Who are the Internet superheroes who make it more meaningful for the rest of us just chilling in Gotham?  

Oh gosh. This goes back to the previous question. I cannot possibly name all of these people and organizations, nor could I try. But Change.org is a favorite. Here on Tumblr, there’s plenty of awesomesauce folks and their roles vary. There’s just about everyone in the News group (http://www.tumblr.com/tagged/news), and folks like STFUConservatives and Think Progress and cognitivedissonance (who has a radio show which you should listen to!) and so, so many others. Brooklynmutt, who I have to meet one day. Rosasparks and mar-see-ah and imwithkanye and notnadia and soupsoup and guardiancomment and ccinsider and newsweek and hey, it’s really, REALLY unfair of you to ask me this question. :-)

How do passionate people successfully get all political on their social network friends? It could easily backfire. 

Oh yes it can. Some of the stuff I say on my site –- stuff that’s politically charged –- would probably result in fisticuffs IRL. But I’d like to think that there is genuine discourse on social media platforms –- questioning the intent and motives of either political party -– that result in the complete opposite of whatever CNN’s “Crossfire” was back in the day before Jon Stewart called that d-bag Tucker Carlson out for being a dick. Or an asshole? I forget whatever it was he said, but I remember it being accurate. “But you just called Tucker Carlson a dick or an asshole!” some of your readers might say. “That’s ad hominem! That’s bad!” I’d argue that me on my little blog calling out a blatantly one-sided bloviator who just happens to have access to –- and is accessible by -– a large cable “news” organization with tens of millions of followers isn’t ad hominem or bad. It’s just offering a counterbalance, an opposite POV – and perhaps, an unvarnished truth.

What is the upworthiest piece of content you’ve seen recently? 

Anything and everything that calls out the bullshit of what Todd Akin and his ilk have said. Anything and everything that tears apart the notion that 1) we shouldn’t have universal healthcare; 2) that says women shouldn’t have complete control over their health and their own bodies; 3) that says tax cuts for the rich is somehow beneficial to society (and, for that matter, that someone who wants to be President of the United States is stashing his money away in the Cayman Island or inSwitzerland when he should be paying taxes on that shit like anyone else does; 4) that tries to tell others who they can love; 5) that says people should be allowed to own semi-automatic rifles and ammunition that can rip a body to shreds; 6) that there is no racism or class division in this country; and much, much more. “Upworthy” is never just one thing; it’s never just a few things. But to me it’s always the right thing.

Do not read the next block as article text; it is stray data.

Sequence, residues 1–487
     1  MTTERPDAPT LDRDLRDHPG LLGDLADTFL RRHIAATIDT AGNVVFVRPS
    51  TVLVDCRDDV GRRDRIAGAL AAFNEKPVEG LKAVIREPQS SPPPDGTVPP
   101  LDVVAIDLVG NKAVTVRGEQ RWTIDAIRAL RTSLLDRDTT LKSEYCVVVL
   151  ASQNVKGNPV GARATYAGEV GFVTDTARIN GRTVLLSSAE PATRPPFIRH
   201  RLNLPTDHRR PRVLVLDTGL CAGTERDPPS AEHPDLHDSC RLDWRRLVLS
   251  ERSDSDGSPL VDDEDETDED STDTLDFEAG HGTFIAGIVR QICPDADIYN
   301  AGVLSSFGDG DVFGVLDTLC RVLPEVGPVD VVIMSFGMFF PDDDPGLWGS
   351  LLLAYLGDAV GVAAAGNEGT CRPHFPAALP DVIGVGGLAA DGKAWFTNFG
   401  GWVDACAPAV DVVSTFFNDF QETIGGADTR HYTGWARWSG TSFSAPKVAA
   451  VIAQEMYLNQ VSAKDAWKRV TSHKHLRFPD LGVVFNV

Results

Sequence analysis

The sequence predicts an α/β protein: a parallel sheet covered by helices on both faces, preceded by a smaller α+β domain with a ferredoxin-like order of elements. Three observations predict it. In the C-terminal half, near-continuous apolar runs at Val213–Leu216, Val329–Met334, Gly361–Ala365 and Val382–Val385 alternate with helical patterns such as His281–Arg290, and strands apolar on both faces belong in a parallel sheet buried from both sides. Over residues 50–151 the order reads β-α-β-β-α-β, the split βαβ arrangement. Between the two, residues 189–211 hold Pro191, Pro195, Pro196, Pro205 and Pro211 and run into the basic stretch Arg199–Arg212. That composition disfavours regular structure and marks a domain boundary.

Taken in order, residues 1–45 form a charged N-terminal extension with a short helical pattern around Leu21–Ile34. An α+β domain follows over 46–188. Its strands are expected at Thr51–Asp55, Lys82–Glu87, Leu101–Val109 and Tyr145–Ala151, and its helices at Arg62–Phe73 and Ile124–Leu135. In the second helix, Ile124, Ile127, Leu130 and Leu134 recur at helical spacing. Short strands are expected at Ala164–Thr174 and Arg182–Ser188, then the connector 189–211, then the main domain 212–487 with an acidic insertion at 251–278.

Emphasis ours. Upworthy would like to thank inothernews profusely for his time in answering these questions. If you know someone doing amazing, meaningful things on the Internet that you think we should talk to, let us know!

Hey y’all — I got interviewed by Upworthy… from the comfort of my personal cloaking device.   :-)   Sincere thanks to these fine folks for the opportunity, and please do follow them!

One of my favorite tumblr bloggers did an Q&A for my work blog! It’s like the internet exists to make dreams come true or something. <3

inothernews:

upworthy:

Upworthy Meets World: A Q&A With The Man Behind In Other News

We at Upworthy couldn’t do our job at all without the existence of amazing people on the Internet, and that’s a fact. We want to highlight those people on Tumblr (and beyond!) who are using their Internet forces for good, awesome, and interesting. And thus, Upworthy Meets World was born!

Who better to start with than the one and only inothernews?

We caught up with him in his natural habit, pictured here:

… And, through the goodness of his heart, he agreed to talk to us about life, the universe, and everything on the Internet. 

So, an obvious question: why blogging? Why Tumblr, specifically? 

I actually started out commenting on Gawker, which – back then at least – was a great outlet for talking about and snarking on events of the day, from politics to pop culture. It was great fun and I always tried to be never mean-spirited, and there really was a great sense of community among a lot of the commenters, who are here today on Tumblr with their own full-blown blogs. I came over to this platform gradually, when I realized that Tumblr gave me a chance to expand commentary into actual blog posts, covering pretty much what I wanted to cover. About four years and tens of thousands of followers later, it’s still worth doing, and it’s still a huge amount of fun — and yes, I hope to do it for a living one day.  :-)

Do you believe the Internet can be a force for good or is it a desolate wasteland of GIFs like this one